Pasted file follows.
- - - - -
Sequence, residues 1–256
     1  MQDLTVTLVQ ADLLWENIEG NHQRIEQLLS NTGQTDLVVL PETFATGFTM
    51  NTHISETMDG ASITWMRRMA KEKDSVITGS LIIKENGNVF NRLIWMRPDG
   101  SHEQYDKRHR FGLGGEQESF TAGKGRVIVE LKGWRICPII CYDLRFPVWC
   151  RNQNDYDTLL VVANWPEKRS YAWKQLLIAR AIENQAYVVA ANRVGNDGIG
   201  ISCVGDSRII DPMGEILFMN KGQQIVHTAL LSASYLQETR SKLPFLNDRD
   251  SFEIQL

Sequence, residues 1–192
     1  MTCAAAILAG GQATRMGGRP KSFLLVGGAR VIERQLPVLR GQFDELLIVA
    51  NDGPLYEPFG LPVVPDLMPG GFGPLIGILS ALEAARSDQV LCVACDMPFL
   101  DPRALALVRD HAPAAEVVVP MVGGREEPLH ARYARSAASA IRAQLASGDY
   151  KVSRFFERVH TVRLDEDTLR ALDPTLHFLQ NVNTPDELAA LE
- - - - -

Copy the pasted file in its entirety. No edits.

Sequence, residues 1–256
     1  MQDLTVTLVQ ADLLWENIEG NHQRIEQLLS NTGQTDLVVL PETFATGFTM
    51  NTHISETMDG ASITWMRRMA KEKDSVITGS LIIKENGNVF NRLIWMRPDG
   101  SHEQYDKRHR FGLGGEQESF TAGKGRVIVE LKGWRICPII CYDLRFPVWC
   151  RNQNDYDTLL VVANWPEKRS YAWKQLLIAR AIENQAYVVA ANRVGNDGIG
   201  ISCVGDSRII DPMGEILFMN KGQQIVHTAL LSASYLQETR SKLPFLNDRD
   251  SFEIQL

Sequence, residues 1–192
     1  MTCAAAILAG GQATRMGGRP KSFLLVGGAR VIERQLPVLR GQFDELLIVA
    51  NDGPLYEPFG LPVVPDLMPG GFGPLIGILS ALEAARSDQV LCVACDMPFL
   101  DPRALALVRD HAPAAEVVVP MVGGREEPLH ARYARSAASA IRAQLASGDY
   151  KVSRFFERVH TVRLDEDTLR ALDPTLHFLQ NVNTPDELAA LE